The troubled Pilgrim Nuclear Power Station in Plymouth, Massachusetts, is scheduled to go off-line in 2019, but the inspection teams on-site seem to be questioning “safety at the plant” right now.
In an internal email obtained by the advocacy group Cape Downwinders, the plant's inspection team recently wrote that among the issues the station is facing is missing paperwork, leaky dry wall, and mechanical issues.
“Equipment isn’t being repaired, people don’t know what they’re doing,” said Diane Turco, of Cape Downwinders.
A safety inspector wrote in the internal email, “the plant seems overwhelmed by just trying to run the station.”
The inspector then tries to soften the blow by saying “I am couching this by questioning their overall engineering acumen.”
Another comment says: “We are observing current indications of a safety culture problem that a bunch of talking probably won’t fix.”
Turco says these are just some of the low lights that she finds concerning.
“That’s serious, we’re not talking about a candy factory we’re talking about an aging and degrading nuclear reactor that's on Cape Cod by 35 miles from Boston,” Turco said.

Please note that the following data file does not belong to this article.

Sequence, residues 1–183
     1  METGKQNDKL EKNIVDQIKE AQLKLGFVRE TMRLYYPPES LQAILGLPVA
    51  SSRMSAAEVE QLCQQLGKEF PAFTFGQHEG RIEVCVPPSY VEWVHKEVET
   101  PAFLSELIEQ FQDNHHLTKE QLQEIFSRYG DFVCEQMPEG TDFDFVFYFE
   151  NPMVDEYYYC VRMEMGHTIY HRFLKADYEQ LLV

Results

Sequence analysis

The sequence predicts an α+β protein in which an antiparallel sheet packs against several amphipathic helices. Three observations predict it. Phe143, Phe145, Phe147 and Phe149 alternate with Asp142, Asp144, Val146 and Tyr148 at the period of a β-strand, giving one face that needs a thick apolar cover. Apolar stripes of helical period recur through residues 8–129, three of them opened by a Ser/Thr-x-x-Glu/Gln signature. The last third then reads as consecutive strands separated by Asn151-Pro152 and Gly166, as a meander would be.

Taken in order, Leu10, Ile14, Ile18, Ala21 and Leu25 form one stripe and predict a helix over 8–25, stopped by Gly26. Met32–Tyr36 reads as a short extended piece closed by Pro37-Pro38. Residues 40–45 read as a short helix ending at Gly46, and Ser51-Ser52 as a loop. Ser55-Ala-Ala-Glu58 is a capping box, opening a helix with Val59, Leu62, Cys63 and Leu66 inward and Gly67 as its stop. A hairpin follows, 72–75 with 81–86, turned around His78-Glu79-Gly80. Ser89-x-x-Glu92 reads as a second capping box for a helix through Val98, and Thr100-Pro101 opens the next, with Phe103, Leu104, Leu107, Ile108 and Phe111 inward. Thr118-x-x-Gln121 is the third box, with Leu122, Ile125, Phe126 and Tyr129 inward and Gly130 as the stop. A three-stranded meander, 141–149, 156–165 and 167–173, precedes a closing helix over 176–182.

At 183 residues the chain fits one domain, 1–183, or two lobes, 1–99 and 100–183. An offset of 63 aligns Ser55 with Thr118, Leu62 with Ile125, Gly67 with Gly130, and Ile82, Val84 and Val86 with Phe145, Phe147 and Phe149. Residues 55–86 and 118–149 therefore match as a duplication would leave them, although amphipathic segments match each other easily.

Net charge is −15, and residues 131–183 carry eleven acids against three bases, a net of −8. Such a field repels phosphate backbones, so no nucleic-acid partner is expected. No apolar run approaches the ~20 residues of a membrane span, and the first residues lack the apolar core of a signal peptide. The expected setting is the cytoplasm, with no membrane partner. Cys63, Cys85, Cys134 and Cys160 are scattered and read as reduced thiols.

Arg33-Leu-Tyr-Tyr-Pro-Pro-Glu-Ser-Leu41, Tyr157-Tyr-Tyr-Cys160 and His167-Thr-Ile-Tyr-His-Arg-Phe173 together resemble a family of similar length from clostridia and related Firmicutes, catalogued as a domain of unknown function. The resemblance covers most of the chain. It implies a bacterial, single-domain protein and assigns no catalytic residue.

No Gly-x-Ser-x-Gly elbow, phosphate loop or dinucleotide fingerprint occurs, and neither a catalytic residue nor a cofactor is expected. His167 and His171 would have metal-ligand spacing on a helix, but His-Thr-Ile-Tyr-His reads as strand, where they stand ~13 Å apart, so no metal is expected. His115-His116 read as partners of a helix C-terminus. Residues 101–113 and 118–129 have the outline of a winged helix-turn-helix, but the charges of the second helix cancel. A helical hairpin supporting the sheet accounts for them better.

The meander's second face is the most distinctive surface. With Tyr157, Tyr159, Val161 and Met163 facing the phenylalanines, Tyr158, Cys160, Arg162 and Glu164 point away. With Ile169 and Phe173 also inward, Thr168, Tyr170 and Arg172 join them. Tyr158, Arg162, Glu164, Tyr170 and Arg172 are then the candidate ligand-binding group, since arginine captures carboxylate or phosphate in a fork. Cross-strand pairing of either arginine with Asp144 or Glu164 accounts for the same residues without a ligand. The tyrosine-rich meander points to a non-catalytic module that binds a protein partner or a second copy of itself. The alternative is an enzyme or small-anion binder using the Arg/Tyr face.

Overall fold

Turco is the one who accidentally received the email this week from an inspector with the Nuclear Regulatory Commission, which is helping to oversea the shutdown of the aging power station. Turco and the Cape Downwinders personally delivered a copy of the email to Massachusetts Gov. Charlie Baker’s office. The group wants the power station shut down immediately.
“If we need to pull a congressional delegation to get federal government to do what they need to do, we will,” Baker said.
The NRC said in a statement the inspection is preliminary:
“To what extent, if any, these observations factor into our final determinations on improving the plant’s performance would be difficult if not impossible to predict at this point. Lousiana-based Entergy is the owner of Pilgrim and is not commenting on the ongoing inspection.”
Because of the technical jargon in the email, Ken Tavares with the Plymouth Board of Selectmen says it remains unclear if this is an immediate threat to his community.
“I want ironclad word from the NRC, that this plant is safe to operate,” Tavares said.
The town selectmen planned to hold an emergency meeting Wednesday evening to talk about their next steps.